Missing teen ‘highly likely’ to be with Islamic State in SyriaThe Korean teenager who went missing in Turkey and is suspected to have joined an extremist Islamist group exchanged messages via SNS services with a suspicious Turkish contact, police officials confirmed Monday.
Seoul police said that the 18-year-old identified by the surname Kim exchanged messages with a contact in Turkey last December over Twitter and Surespot, an encrypted instant messaging app.
Police officials confiscated Kim’s computer and found that he had been communicating with someone with an ID called “mujabedin.”
Mujahedin, and variants of the spelling, refer to Muslims engaged in jihad, and is a common term for guerilla fighters in Afghanistan and Iran.
Police said that the name Hassan was used in these exchanges.
Kim’s mother reported her son missing Thursday, telling police that he claimed to have a pen pal in Turkey whose name was “Hassan.”
The Korean Ministry of Foreign Affairs confirmed Sunday that a Korean national had gone missing on Jan. 10 during travels in Turkey with a family friend.
Korean authorities are looking into the boy’s disappearance and are considering the possibility that he may have illegally entered Syria to contact the Islamic State in Iraq and Syria (ISIS), a radical Islamist group that has seized large territories in Syria and Iraq and is vigorously trying to attract and train new recruits.
There is a “high likelihood” that Kim joined ISIS, said an official of the Korean Embassy in Turkey on Sunday.
The Korean Embassy said, “We see that Kim entered Turkey and went to Kilis to join ISIS. We determined that there is a high likelihood it is ISIS and have communicated this with the central government.”
Kilis is a city in south Turkey near the border with Syria.
Kim’s Facebook page was linked with Arab groups as well. He was confirmed to have searched for information on ISIS over the past one to two years.
Seoul Metropolitan Police Agency Commissioner Kang Shin-myung said in a press conference Monday that Kim told his parents that he wanted to go to Turkey for a “healing” trip and that he “wanted to go on a trip so we can better focus on his studies.” Kim is a middle school dropout.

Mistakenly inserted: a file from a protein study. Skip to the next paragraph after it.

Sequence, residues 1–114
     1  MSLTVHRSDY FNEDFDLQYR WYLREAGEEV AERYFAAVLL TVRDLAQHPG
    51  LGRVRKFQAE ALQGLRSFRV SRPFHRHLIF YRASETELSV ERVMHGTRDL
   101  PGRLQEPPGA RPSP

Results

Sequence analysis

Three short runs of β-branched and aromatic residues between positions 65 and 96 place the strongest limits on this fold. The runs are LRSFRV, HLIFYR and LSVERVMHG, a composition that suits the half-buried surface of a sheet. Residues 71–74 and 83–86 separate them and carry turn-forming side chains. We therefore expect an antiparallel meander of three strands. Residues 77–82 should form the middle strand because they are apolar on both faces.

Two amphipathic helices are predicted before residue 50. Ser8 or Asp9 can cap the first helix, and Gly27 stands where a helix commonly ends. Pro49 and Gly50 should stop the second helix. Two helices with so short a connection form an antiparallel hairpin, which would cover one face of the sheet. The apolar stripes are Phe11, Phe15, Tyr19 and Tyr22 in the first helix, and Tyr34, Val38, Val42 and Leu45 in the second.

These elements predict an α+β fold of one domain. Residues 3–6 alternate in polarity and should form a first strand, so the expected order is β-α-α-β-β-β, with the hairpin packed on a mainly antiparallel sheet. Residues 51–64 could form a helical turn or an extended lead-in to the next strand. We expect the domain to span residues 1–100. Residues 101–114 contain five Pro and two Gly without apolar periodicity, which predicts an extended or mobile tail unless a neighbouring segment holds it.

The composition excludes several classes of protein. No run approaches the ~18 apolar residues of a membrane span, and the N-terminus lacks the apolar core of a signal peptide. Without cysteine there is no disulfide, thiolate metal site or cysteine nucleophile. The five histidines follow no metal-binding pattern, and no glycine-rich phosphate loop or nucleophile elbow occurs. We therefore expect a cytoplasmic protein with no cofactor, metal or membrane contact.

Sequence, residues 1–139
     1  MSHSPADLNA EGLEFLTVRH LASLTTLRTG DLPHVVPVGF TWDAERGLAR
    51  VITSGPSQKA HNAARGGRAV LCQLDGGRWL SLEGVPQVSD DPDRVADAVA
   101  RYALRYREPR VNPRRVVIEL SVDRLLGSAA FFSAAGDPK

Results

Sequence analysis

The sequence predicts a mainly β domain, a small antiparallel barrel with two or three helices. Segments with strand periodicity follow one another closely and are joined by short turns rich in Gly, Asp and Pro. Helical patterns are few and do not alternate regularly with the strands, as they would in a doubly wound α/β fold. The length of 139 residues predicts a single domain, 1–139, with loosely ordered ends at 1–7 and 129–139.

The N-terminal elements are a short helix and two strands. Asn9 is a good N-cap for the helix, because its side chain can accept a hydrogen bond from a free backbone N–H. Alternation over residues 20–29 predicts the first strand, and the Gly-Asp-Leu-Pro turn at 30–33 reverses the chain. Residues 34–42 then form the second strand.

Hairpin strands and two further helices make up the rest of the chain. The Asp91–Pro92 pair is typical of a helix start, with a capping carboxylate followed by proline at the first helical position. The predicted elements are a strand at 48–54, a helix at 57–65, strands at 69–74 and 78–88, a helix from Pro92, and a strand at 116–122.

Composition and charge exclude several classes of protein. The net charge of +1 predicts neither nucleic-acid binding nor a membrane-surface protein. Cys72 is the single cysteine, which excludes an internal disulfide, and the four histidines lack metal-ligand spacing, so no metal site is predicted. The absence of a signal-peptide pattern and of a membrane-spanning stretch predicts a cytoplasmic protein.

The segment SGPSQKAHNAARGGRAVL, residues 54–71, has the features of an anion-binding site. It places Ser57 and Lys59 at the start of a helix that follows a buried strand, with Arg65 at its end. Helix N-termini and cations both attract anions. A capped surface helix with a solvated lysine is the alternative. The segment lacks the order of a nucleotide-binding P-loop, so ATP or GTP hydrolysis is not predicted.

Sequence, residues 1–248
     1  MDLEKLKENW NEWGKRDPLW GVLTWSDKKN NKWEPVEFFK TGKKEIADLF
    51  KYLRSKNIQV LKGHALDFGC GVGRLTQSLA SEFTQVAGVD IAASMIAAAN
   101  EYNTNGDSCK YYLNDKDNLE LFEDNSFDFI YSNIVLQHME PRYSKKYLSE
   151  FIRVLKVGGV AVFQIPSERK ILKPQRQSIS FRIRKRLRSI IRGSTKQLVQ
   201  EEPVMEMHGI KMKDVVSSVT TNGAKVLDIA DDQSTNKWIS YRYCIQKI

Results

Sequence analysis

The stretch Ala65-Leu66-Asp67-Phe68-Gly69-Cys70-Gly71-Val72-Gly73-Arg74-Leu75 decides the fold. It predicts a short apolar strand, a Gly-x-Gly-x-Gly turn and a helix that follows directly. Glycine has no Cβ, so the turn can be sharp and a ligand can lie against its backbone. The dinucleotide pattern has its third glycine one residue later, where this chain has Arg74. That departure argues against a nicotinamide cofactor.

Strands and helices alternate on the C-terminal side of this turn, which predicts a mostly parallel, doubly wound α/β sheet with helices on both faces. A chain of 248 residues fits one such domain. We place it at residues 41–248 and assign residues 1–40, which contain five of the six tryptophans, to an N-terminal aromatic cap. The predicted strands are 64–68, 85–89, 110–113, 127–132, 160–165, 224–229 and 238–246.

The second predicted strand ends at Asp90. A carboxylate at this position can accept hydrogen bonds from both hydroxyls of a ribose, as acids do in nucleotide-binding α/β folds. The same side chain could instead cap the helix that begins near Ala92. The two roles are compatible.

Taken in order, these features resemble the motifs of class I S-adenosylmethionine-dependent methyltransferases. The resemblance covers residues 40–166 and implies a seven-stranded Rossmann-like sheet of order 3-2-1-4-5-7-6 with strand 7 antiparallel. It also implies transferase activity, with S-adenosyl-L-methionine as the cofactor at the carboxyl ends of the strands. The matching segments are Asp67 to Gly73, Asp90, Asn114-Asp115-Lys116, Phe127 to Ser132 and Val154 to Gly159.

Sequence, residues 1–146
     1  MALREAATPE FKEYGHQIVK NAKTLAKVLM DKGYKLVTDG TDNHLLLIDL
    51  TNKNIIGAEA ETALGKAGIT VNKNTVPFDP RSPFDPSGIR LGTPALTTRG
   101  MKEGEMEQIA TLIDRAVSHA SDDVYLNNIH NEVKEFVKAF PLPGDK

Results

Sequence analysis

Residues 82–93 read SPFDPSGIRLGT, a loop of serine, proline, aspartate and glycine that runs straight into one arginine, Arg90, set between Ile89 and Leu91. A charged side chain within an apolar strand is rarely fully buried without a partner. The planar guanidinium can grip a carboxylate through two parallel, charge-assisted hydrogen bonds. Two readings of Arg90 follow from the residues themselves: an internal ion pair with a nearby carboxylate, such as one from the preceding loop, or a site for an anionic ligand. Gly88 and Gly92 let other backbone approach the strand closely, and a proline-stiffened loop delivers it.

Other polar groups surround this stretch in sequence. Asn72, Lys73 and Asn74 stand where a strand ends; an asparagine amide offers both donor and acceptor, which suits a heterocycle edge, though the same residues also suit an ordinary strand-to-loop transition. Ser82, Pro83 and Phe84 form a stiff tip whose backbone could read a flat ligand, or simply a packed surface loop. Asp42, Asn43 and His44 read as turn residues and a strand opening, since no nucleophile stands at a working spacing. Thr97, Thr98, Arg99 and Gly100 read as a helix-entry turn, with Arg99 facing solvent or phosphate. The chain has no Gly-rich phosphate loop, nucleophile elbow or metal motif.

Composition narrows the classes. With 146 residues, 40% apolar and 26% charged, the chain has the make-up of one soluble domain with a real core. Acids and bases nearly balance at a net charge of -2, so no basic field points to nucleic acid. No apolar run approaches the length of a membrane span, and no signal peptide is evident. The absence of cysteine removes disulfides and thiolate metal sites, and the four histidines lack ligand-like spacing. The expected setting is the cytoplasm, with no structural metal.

He arrived in Turkey on Jan. 8 and went missing in Kilis on Jan. 10.
The police are questioning the man who accompanied Kim until he went missing. He only reported Kim’s disappearance to the Korean Embassy in Turkey on Jan. 12. He returned to Korea on Saturday and began questioning by police from Sunday.
Amid suspicions that the man could become a suspect in the case, Kang said, “Every possibility has to be left open.”
Kim and his family friend, a church acquaintance surnamed Hong, 45, are reported to have entered Turkey on Jan. 8, and then moved to Kilis, a city near the border with Syria, on the same day.
The 18-year-old Seoul resident went missing two days later.
However, Hong informed the Korean Embassy about Kim’s disappearance on Jan. 12.
Hong was reported to be a minister, but Kim’s church confirmed that he was not a member of its congregation, leading to further suspicions about Hong’s role in the case.
Kang said he would not reveal all the contents of Kim’s emails because this could be harmful in the search for the missing teenager.
An investigative official said that they were looking into a tip that said that Kim went to Kilis with Hong and a third person took Kim to Syria.
Also CCTV provided by Turkish police showed Kim to be with a third party in Kilis other than the Korean man.
BY SARAH KIM, CHAE YOON-KYUNG [email@example.com]
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